I actually didn't finish this collection. It was very well-written, no doubt about that, but I found its appeal very... variable. For instance, the longest and most-acclaimed story, concerning efforts by a regional Chinese TV company to stage a tiger fight with a real tiger (and the hilarious fall-out that ensues) didn't grab me at all.

The collection had many things I like in short stories: domestic detail, a knack for indicating cultural particularities while conveying that they are to be taken
...more
Justina
I loved these stories! I mean, in a sort of rather bleak and depressing way, but I felt a strange connection, like, they reminded me of some writings from the small Eastern European country I'm from, which I totally did not expect. I guess it's probably due to the fact that communism is communism everywhere. However, there were also subtle cultural differences as well. I also love these stories as superb pieces of short-storytelling, drawing characters, relationships, circumstances and small (or ...more
Wahida
Jul 26, 2009 Wahida rated it it was amazing  ·  review of another edition
Really I'd give this book a 4.7 or 4.8---the writing is probably a 5, but I think maybe some of the stories were less character-based than I tend to like. Maybe just more broad---sometimes I felt like the society was the character, instead of any one individual? And maybe that makes sense, since Jin is giving us a perspective on life under modern Chinese communism in the context of encroaching capitalism.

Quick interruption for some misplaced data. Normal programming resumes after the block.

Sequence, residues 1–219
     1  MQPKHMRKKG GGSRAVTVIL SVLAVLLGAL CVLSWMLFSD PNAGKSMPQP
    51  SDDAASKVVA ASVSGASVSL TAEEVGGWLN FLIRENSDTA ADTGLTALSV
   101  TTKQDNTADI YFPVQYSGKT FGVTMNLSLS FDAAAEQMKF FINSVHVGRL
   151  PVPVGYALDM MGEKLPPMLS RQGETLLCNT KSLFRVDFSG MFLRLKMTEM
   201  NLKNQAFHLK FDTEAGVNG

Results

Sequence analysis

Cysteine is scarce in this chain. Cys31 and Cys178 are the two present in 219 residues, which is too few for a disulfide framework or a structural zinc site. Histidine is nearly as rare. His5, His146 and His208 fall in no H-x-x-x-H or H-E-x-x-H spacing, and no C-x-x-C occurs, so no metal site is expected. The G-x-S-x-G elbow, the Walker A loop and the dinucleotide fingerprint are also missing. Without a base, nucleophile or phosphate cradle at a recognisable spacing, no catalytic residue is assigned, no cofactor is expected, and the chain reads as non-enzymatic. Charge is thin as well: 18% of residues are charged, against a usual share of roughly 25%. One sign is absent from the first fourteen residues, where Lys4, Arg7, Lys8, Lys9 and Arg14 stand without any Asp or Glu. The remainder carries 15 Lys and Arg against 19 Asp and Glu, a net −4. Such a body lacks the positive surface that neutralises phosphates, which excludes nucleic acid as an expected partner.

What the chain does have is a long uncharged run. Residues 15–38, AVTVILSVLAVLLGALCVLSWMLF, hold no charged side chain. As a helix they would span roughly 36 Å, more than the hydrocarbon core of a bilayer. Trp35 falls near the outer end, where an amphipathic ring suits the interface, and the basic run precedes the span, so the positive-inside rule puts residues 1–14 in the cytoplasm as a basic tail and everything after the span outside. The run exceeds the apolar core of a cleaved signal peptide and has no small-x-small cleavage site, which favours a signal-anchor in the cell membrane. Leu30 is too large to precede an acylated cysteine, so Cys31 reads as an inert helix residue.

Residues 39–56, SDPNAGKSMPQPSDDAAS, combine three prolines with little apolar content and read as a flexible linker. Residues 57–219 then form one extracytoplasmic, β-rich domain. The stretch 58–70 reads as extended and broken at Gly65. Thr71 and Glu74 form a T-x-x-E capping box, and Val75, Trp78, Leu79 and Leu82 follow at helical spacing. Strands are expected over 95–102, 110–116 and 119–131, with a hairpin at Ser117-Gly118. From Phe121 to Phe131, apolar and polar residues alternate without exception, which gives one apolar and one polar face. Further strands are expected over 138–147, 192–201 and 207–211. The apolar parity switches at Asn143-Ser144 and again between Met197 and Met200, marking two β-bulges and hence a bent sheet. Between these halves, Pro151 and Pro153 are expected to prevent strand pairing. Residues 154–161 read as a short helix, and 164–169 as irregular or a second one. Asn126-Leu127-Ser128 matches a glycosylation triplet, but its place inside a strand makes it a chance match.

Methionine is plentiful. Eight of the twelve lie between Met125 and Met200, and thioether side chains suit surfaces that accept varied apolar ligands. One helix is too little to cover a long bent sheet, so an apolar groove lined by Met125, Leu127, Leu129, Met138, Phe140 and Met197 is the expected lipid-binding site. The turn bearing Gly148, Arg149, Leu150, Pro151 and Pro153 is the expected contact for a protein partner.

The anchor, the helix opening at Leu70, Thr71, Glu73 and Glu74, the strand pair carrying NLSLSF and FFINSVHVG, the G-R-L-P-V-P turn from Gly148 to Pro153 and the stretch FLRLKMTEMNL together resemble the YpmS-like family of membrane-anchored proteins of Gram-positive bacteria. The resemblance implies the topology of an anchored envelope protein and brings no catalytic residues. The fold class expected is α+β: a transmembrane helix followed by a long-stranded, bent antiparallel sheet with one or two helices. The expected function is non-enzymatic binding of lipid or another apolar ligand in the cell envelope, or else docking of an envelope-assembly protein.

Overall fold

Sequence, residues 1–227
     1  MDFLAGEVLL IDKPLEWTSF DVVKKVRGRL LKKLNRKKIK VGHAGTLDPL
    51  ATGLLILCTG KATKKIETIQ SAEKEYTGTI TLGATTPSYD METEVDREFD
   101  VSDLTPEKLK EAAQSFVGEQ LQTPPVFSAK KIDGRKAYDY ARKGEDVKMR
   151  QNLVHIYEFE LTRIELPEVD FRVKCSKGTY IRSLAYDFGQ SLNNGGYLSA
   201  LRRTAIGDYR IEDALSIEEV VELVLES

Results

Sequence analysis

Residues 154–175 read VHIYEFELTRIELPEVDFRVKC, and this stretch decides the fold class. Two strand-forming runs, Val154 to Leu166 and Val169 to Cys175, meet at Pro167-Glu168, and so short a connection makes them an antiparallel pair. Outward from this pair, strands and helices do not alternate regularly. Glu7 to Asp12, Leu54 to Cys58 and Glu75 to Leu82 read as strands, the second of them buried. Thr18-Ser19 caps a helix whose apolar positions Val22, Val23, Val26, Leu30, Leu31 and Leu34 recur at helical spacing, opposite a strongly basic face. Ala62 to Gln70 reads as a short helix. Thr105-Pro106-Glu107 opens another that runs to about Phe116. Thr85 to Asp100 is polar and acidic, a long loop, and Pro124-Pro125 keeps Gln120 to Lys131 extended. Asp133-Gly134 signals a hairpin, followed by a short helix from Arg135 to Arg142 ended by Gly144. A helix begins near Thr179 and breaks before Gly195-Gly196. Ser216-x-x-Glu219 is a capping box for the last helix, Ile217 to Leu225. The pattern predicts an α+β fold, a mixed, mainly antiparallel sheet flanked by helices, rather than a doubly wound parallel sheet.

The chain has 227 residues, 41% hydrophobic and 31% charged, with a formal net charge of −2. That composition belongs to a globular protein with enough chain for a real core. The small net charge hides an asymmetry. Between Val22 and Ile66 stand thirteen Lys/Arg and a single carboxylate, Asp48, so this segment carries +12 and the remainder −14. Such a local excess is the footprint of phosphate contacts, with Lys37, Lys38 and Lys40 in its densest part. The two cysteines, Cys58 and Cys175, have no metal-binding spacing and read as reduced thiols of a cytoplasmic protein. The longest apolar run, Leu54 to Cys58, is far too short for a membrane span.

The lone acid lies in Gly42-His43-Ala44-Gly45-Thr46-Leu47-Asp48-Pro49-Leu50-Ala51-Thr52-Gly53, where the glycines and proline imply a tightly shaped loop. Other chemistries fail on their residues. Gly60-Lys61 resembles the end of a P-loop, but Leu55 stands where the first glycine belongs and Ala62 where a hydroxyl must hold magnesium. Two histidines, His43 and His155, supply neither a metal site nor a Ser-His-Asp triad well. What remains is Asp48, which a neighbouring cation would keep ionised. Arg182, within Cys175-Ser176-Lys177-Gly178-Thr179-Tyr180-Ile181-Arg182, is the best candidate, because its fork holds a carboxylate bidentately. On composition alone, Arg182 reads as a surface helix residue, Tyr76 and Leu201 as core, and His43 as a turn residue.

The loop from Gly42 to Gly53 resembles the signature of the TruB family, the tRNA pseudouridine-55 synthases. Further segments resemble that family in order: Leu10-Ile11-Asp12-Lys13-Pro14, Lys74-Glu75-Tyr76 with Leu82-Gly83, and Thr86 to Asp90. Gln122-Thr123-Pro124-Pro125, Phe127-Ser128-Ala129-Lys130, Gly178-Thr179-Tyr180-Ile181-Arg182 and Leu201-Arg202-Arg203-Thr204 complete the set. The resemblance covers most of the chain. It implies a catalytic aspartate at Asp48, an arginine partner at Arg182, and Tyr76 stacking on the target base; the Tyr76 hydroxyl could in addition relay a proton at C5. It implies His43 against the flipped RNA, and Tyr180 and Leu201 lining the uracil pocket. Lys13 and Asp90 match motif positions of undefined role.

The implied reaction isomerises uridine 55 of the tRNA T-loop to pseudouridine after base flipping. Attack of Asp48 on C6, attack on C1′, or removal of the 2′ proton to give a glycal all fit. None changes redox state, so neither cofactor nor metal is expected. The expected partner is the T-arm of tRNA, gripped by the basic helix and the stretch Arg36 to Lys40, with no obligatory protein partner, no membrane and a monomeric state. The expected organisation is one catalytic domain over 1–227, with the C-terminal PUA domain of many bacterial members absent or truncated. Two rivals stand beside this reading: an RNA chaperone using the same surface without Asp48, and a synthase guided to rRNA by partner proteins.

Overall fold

Jin's little details are consistently heartbreaking and gorgeous, and the stories are engag
...more
Kitty
Feb 10, 2013 Kitty rated it really liked it  ·  review of another edition

This book was my first contact with Ha Jin's writing, and it surprised me in many different ways. I can't say it ever once overwhelmed me or blew my mind at any point. It was the steady, honest voice of the writer that grew on me with every page. By the end of it, I was hooked and found myself craving more.

When it comes to favourites, mine were definitely "Broken", "The Bridegroom", "Alive", "The Woman From New York" and "In the Kindergarten", more or less in that order.

I enjoyed the different p
...more
Ape
Apr 30, 2011 Ape rated it it was amazing  ·  review of another edition
This review has been hidden because it contains spoilers. To view it, click here.
Nathan Marone
Ha Jin writes fiction about a real place - China. If I didn't know any better, I'd have to think that most of what he writes is pure fable, George Orwell by way of John Steinbeck (at least in content, not in style). But the absurdist landscape that Ha Jin presents in this hilarious and dumbfounding collection is, by all accounts, something close to reality. You'd like to say he's a satirist or at least a humorist, but I think his subject matter does all the heavy lifting here. And as far as I'm ...more